Very few citizens will complain about 2014 tax hikes

By on March 5, 2014
Town of Osoyoos council is prepared to pass its 2014 budget and five-year financial plan and capital budget at next Monday’s meeting of regular council. The budget calls for a property tax increases of 1.75 per cent and slight user fee increases for water and sewer services. (Keith Lacey photo)

Town of Osoyoos council is prepared to pass its 2014 budget and five-year financial plan and capital budget at next Monday’s meeting of regular council. The budget calls for a property tax increases of 1.75 per cent and slight user fee increases for water and sewer services. (Keith Lacey photo)

There are many reasons why members of Town of Osoyoos council had little choice but to bring in an extremely modest property tax increase and marginal water and sewer fee increases for 2014.

The reality is the economy in Osoyoos isn’t exactly booming and local taxpayers would be extremely upset if there was a significant increase in their taxes. Another reality is the next municipal election in British Columbia is scheduled for November and taxpayers have a very long memory and it would not have been politically prudent to introduce a large tax hike if Mayor Stu Wells and members of council have aspirations of retaining their seats.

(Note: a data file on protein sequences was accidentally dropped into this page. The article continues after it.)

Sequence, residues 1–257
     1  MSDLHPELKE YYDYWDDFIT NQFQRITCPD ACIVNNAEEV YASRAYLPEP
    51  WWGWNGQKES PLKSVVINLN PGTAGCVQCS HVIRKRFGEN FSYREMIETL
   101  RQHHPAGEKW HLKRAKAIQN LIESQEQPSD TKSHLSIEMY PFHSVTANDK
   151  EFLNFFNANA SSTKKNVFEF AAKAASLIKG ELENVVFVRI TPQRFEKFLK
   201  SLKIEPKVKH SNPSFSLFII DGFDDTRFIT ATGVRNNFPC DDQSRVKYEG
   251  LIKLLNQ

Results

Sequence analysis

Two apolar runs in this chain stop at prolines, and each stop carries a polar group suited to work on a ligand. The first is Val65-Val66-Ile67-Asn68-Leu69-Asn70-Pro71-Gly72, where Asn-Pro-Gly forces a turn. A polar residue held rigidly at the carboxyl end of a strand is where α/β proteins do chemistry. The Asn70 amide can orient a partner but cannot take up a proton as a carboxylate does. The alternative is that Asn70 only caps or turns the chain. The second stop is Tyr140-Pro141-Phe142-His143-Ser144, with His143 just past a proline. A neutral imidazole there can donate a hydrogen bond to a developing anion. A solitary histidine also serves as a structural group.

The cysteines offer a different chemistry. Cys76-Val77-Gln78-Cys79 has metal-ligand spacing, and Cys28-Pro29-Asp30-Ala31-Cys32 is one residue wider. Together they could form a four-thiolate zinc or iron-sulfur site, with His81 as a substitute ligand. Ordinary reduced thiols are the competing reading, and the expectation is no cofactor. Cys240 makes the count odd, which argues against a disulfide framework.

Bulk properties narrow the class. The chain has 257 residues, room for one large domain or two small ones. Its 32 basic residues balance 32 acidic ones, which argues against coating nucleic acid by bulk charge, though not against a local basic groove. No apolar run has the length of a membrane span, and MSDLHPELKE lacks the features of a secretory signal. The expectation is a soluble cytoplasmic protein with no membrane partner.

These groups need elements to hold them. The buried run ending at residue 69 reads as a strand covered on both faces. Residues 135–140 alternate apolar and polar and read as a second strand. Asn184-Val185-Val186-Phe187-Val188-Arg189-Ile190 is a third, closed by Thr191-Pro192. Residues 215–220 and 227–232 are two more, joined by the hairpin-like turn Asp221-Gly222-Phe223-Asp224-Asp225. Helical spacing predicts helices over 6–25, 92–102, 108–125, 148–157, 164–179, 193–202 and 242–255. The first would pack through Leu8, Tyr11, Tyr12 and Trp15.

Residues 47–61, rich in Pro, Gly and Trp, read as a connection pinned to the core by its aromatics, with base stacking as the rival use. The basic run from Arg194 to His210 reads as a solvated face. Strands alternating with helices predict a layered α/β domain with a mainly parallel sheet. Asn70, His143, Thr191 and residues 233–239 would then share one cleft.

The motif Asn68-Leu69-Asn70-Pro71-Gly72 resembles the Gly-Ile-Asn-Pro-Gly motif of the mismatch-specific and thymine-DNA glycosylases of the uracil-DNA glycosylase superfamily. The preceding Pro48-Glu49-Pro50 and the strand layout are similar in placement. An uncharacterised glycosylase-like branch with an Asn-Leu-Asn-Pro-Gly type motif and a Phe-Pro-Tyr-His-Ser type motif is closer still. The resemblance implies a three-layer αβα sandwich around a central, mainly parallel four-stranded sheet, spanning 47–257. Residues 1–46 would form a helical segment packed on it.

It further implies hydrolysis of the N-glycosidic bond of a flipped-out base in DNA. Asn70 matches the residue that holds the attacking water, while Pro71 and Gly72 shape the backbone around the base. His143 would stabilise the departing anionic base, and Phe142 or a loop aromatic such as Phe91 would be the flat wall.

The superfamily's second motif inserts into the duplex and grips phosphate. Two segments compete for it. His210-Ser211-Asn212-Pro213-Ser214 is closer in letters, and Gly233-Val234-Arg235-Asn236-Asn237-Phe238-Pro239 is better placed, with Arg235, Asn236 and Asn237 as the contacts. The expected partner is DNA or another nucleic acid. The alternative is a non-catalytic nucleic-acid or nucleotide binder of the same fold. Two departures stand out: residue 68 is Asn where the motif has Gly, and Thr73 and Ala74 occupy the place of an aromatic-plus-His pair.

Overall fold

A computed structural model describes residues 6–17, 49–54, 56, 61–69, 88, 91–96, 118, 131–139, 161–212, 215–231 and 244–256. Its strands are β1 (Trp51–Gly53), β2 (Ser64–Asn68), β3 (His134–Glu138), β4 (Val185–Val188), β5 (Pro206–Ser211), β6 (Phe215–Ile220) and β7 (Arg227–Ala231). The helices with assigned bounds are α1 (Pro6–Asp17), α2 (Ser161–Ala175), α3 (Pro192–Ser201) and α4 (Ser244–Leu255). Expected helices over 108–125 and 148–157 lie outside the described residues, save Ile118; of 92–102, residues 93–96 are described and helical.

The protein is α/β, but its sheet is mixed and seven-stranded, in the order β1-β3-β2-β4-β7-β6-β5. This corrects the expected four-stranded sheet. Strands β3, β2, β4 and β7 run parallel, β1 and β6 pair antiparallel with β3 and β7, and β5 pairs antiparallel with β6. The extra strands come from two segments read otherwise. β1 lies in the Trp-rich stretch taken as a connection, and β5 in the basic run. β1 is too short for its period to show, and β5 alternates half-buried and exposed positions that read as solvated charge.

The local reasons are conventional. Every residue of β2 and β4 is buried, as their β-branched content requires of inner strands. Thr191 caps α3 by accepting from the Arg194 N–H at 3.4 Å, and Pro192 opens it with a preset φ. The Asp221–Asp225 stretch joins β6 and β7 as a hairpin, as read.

Most municipal taxpayers have no problem swallowing marginal property tax increases in the two to three per cent range as long as it ensures the levels of service they have become accustomed to are maintained and infrastructure projects are completed.

To their credit, town council has again done a terrific job keeping tax increases and user fees for water and sewer services to a minimum. Very few property owners in this community are going to complain about a 1.75 per cent tax increase or tiny hikes in user fees.

The average price of a home in the Town of Osoyoos is $322,000. The property tax and user fee increases approved by council on Monday will see the average homeowner have to pay $24 more in 2014.

That’s two bucks a month. Even if you own a home worth $600,000 or $700,000, you will still be paying only $50 to $60 more in property taxes and user fees this year.

That’s $5 or $6 a month. Anyone who can afford to own a home in that price range can most certainly afford to pay an extra fin each month.

While holding the line on taxes, this budget does include major infrastructure upgrades, which is absolutely crucial in Osoyoos and every municipality across this country.

Two of the biggest and most important projects that will be completed in the coming months include starting construction on Phase One of the Gyro Park Multi-Purpose Plaza and extending the town’s effluent disposal system up towards the Osoyoos Airport.

Numerous road and water and sewer upgrades are also scheduled for 2014.

At the end of the day, kudos are in order to senior administration for presenting a budget that toes the line on tax increases and allows the town to continue to grow and prosper.

Congrats are also in order to members of town council on a job well done.

Over the past three years, Osoyoos property owners have seen a collective tax increase of less than five per cent.

There aren’t many communities in this province or this country that can make that claim.

 

 

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